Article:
Annie Rahilly in the #CommsCorner


Annie Rahilly is a Senior Media Advisor for the University of Melbourne. This is her second career. Annie trained as secondary school teacher (at the University of Melbourne!) and worked the hard yards in Melbourne’s Western Suburbs. Though a chosen career, a personal change in her life pushed her in a new direction. After working for the Victorian Government for two and a half years, she moved to the Royal Children’s Hospital as Communications officer: proudly contributing to five Good Friday Appeals. Her interest in all things medical  came in very handy when she became the Public Relations Manager for Peter MacCallum Cancer Centre. After 10 years there, she took an opportunity to move into the Higher Education sector.  Her favourite medium is radio. She loves a glass of bubbles, a good book and any British crime series.

Annie Rahilly

Photo by Peter Casamento

Your elevator statement – who are you professionally and personally?

I am a Public Relations/ media advisor with over 20 years of experience in the Government, health and higher education sectors. I believe in PR for the greater good. I am a talker. I never stop thinking about ideas and stories. I especially like to help media find the right person for an interview or a story. It is said in the office, that establishing and maintaining connections is one of my strengths. For me, it is all about helping people. I love my job and I have loved my work throughout my career. It is important to want to come to work. Though I may start the day with my catch phrase “What fresh hell is this?” it is said with great gusto and good humour. It helps me to prepare for the unknown!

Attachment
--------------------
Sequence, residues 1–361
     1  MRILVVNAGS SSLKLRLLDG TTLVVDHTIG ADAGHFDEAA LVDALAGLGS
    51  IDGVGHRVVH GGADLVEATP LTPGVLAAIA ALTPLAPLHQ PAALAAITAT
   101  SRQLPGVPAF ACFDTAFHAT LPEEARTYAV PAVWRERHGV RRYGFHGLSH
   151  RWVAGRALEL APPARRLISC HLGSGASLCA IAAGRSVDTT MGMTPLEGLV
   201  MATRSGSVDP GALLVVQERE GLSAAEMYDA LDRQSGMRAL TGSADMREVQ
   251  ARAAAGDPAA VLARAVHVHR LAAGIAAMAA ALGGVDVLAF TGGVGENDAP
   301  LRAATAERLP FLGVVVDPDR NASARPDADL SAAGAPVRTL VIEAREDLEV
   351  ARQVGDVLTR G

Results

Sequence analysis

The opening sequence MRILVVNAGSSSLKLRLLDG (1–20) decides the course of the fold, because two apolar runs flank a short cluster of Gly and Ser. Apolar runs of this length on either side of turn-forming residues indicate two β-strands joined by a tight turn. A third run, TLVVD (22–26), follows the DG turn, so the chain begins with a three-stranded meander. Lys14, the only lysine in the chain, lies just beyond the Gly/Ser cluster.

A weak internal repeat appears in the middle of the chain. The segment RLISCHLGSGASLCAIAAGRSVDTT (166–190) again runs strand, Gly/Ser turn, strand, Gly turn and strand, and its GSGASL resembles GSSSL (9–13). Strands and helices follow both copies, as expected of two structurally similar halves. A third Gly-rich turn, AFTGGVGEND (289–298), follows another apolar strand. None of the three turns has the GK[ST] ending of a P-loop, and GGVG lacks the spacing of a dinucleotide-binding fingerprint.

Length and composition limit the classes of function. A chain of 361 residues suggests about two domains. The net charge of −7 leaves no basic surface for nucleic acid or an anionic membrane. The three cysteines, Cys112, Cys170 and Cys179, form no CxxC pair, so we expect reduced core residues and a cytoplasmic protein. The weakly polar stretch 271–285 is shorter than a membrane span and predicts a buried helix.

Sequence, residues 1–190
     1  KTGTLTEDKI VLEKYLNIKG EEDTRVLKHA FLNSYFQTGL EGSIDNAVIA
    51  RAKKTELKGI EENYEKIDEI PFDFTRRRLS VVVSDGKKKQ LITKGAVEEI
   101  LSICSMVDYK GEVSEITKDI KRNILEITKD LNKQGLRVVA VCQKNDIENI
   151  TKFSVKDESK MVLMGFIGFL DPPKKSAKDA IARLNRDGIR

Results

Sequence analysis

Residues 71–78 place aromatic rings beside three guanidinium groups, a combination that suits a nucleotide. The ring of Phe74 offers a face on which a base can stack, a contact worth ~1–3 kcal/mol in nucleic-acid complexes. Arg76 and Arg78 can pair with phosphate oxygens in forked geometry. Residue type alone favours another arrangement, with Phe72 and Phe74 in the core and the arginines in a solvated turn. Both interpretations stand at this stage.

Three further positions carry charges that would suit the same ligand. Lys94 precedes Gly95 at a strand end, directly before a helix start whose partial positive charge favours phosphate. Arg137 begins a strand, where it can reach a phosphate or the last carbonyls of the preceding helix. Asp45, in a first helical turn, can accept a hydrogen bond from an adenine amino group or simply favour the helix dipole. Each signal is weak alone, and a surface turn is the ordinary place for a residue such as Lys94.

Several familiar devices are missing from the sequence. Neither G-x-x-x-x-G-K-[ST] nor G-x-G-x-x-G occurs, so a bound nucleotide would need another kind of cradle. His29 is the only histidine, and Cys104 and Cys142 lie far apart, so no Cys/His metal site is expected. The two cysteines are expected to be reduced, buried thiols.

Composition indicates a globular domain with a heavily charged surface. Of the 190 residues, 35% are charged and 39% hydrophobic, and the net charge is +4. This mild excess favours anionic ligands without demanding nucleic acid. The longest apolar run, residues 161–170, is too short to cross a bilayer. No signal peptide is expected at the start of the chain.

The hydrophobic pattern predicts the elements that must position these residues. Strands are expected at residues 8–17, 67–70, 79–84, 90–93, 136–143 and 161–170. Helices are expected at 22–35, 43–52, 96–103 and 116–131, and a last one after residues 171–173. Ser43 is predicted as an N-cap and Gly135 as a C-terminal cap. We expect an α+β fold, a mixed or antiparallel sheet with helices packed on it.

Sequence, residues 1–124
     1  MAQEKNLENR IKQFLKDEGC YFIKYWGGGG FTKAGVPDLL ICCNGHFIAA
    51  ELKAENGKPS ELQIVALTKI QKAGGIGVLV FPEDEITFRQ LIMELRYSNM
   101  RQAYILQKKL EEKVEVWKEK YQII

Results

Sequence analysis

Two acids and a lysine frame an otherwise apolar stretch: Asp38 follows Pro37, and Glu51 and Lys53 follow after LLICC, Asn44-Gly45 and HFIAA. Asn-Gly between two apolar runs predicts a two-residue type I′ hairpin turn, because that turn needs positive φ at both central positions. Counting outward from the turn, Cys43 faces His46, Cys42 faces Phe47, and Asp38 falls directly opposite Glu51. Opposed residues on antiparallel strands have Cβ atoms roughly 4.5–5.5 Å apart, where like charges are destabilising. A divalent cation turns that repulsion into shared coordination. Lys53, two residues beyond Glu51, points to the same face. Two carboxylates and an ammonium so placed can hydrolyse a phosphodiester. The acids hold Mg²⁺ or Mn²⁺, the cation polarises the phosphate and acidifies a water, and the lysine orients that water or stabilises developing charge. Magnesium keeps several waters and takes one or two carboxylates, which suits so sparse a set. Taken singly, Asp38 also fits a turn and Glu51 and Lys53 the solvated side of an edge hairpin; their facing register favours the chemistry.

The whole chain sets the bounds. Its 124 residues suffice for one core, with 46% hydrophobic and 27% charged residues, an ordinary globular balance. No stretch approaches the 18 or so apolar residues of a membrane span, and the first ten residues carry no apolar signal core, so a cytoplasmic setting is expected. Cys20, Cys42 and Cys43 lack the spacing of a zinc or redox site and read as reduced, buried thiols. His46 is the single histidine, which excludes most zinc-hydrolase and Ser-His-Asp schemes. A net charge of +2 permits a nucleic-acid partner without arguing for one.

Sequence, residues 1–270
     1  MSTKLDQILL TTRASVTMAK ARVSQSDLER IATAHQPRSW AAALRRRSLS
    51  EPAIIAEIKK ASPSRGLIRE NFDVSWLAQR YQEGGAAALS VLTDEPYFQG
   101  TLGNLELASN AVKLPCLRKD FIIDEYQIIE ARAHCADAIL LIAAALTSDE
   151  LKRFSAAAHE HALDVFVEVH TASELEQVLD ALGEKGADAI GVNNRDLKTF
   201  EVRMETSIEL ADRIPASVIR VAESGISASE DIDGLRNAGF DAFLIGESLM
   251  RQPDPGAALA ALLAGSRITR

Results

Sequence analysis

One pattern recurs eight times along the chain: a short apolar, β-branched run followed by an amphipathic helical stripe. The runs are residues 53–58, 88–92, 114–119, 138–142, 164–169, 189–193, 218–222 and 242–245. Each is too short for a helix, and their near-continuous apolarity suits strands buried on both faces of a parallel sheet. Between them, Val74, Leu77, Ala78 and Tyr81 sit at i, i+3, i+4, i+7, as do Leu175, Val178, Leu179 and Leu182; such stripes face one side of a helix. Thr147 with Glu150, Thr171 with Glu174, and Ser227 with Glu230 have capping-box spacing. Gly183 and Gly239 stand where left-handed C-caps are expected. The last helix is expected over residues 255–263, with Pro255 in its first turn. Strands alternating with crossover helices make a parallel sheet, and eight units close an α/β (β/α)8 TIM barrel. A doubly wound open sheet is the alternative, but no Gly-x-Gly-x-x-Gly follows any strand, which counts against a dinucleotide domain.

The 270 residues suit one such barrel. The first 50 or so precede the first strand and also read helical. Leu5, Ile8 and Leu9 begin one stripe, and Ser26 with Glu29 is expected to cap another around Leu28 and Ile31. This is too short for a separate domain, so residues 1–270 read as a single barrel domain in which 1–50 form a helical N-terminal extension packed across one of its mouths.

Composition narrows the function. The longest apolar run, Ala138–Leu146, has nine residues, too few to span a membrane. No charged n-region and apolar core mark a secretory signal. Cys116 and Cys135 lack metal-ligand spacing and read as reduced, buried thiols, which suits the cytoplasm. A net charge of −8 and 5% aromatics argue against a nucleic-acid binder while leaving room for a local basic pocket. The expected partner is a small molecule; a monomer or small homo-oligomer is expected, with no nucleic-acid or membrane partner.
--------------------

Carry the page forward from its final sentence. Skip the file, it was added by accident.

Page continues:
Tell us about your typical day in communications?

Every single day here is different. We are a team of about seven and we have a great group of enthusiastic interns as well. We have responsibility for our own faculties (I look after Engineering, bio-medical engineering and Architecture, Building and Planning) but there is lots of ‘collision’ between us. Phones can either be very busy or on the quiet side depending on what is happening. Every day involves timely responses as well as short-term and long-term planning. It is about having an immediate answer, which expert can help and where to place a story.

When did you first know you wanted to work in communications?

I must have had a sense of it at school as I loved to talk and I loved linking ideas. Teaching was a great start as it makes you face fears, it prepares you to do five things at once and you have to choose words carefully. Skills that I have taken with me into the next career.

Who’s your communication hero/mentor?

I have been fortunate to have met some wonderful mentors along the way. I believe in life-long learning and that includes learning from others; these include Lina Caneva who taught me how to jump on board PR, Christine Unsworth, who conducted 16 Good Fridays and all that this entailed and Celestine Chisholm who taught me how to negotiate tricky Government interactions.

Which tools can’t you live without?

I need pen and paper wherever I go. I carry them in my bag; you can jot down a thought, a remark, a pithy comment worth remembering or your shopping list. While I like my iPhone, I also love the immediacy of the pen